The student newspaper of Washington and Lee University

The Ring-tum Phi

The student newspaper of Washington and Lee University

The Ring-tum Phi

The student newspaper of Washington and Lee University

The Ring-tum Phi

Leading Edge expands to include all first-years

New trips support the university’s diversity, inclusion and wellness initiatives
Student’s explore during Volunteer Venture, a pre-orientation trip for first-years. Photo courtesy of @wlushepard Instagram

This year, all first-years with the exception of fall athletes were required to participate in Leading Edge programs.

The university’s Board of Trustees approved the requirement to help give every student “the same Washington and Lee experience,” Assistant Dean of Students Kim Hodge said.

434 first-year students participated in trips this year.

Incoming students ranked their top five pre-orientation trips through a survey. They were then personally assigned to their trips by Hodge, who said that all but one person got a trip in their top three.

The Leading Edge has two main initiatives, which Hodge calls “pillars,” connecting the program to the university mission; diversity, equity and inclusion, and wellness. As more students with diverse backgrounds participate in Leading Edge, demand has increased for trips highlighting diverse experiences, Hodge said.

Freedom Ride, which gives students an immersive experience of the Civil Rights movement in the South, was the first Leading Edge trip made in response to this increased interest in diversity and inclusion. Originally a spring term class taught by former history professor Ted DeLaney, the class was turned into a pre-orientation trip after his passing in 2020.

Freedom Ride and many other popular trips from past years, including the Volunteer Venture series and Appalachian Adventure, were expanded for the larger participant pool. For example, Volunteer Venture led seven cohorts compared to last year’s six.

When faculty and staff were asked to expand the program to include all first years, they soon realized more trips were going to be needed, Hodge said. The urgency meant there was not a strict approval process for the trips, and faculty members were encouraged to pitch ideas of what they would like to do.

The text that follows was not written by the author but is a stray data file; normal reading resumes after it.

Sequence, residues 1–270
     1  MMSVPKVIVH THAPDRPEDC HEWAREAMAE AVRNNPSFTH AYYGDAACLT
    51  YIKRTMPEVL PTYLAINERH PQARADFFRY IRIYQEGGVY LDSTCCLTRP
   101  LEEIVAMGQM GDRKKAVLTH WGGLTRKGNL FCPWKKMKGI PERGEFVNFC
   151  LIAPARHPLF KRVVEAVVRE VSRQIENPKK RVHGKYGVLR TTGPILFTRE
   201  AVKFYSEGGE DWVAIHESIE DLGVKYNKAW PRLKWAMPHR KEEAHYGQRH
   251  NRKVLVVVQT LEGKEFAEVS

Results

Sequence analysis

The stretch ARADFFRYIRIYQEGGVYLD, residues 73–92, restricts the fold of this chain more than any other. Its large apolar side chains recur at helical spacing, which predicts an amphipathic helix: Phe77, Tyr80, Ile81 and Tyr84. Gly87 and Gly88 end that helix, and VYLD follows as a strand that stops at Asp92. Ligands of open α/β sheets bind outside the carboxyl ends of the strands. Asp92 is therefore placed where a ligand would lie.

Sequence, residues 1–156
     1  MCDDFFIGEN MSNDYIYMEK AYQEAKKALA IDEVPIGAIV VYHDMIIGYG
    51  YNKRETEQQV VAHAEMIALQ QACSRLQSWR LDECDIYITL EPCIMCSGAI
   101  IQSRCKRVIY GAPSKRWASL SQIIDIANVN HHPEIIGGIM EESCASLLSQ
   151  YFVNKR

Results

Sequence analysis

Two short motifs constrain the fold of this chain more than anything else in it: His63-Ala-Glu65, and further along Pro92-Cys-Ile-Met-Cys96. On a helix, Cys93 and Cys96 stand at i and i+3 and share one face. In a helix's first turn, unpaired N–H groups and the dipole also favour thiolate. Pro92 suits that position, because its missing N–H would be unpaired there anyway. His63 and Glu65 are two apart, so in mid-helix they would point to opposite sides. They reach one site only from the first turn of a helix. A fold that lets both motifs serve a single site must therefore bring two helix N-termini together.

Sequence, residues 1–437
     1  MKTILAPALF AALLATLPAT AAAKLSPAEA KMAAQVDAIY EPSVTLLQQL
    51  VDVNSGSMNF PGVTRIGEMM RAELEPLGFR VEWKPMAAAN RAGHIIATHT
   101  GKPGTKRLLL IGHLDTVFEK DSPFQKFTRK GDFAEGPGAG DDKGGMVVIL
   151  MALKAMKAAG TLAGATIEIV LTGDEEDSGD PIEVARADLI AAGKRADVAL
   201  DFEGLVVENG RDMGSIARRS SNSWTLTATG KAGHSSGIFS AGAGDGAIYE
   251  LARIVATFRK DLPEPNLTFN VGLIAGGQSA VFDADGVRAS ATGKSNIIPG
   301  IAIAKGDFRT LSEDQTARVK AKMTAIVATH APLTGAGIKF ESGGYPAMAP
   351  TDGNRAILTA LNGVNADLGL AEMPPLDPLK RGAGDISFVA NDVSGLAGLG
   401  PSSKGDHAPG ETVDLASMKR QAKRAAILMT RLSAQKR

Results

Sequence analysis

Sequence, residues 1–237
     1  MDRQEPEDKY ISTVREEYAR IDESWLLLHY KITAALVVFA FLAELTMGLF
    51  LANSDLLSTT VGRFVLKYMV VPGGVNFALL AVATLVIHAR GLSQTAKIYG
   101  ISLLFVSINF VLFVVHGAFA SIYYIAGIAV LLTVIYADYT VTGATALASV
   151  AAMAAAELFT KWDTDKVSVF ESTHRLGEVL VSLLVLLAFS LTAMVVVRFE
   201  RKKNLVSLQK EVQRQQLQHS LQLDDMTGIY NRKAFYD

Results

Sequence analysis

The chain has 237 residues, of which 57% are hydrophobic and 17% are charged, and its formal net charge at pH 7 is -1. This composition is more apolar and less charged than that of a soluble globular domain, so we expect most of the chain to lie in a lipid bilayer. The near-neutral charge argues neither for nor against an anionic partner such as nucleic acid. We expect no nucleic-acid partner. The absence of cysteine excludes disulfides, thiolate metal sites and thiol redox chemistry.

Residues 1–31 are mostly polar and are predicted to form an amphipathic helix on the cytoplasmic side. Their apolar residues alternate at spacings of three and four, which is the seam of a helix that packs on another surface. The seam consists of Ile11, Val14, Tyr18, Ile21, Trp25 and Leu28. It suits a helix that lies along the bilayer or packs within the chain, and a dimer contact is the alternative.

The three new additions to Leading Edge ended up being From Queer to There, Home is Where the Art Is and Wellness Adventure.

Wellness Adventure is part of a new movement to bring more focus to wellness, which Hodge calls the “underrepresented” pillar of Leading Edge.

Students had to send a separate email noting their interest, which then automatically assigned them to the trip.

Despite the program’s changes and new additions in location and theme, the spirit behind each trip remains true to a main goal: creating community.

Pre-orientation is an opportunity to make friends in a more intimate setting than orientation, where students are around a new group of people every few hours, Hodge said. She mentioned that once classes start, students settle into a routine and it becomes harder to expand social circles.

Bonding is not limited between first years on the trips. In fact, upperclassmen leaders are an integral part of Leading Edge. Their presence connects the incoming class to the existing W&L network, creating a greater sense of community once everyone arrives back on campus.

Student leaders are volunteers who are chosen to help shape the trip while mentoring first years. On some trips, they are responsible for first years with little-to-no faculty supervision. On others, they work closely with staff members as facilitators and help lead workshops.

Leaders in Volunteer Venture are given a pre-approved budget and choose how to allocate it for food, events and activities throughout the week, Associate Director and Instructor of Poverty Studies Jenny Davidson said.

With Leading Edge now being a requirement, current first years were able to sign up for trips at no cost, a difference from past years.

Information about funding origins and budget allocations have not been released to the public. Hodge said that “all moneys go toward the educational intent of each trip.”

Looking forward, there is “a lot of debriefing that needs to happen between coordinators, trip leaders and the administration,” Hodge said.

At these meetings, faculty and staff will discuss what worked, what adjustments need to be made, what new ideas there are and whether trips should be brought back.

Participation in Leading Edge programs will continue to be required for all first-years in coming years, at least for now.

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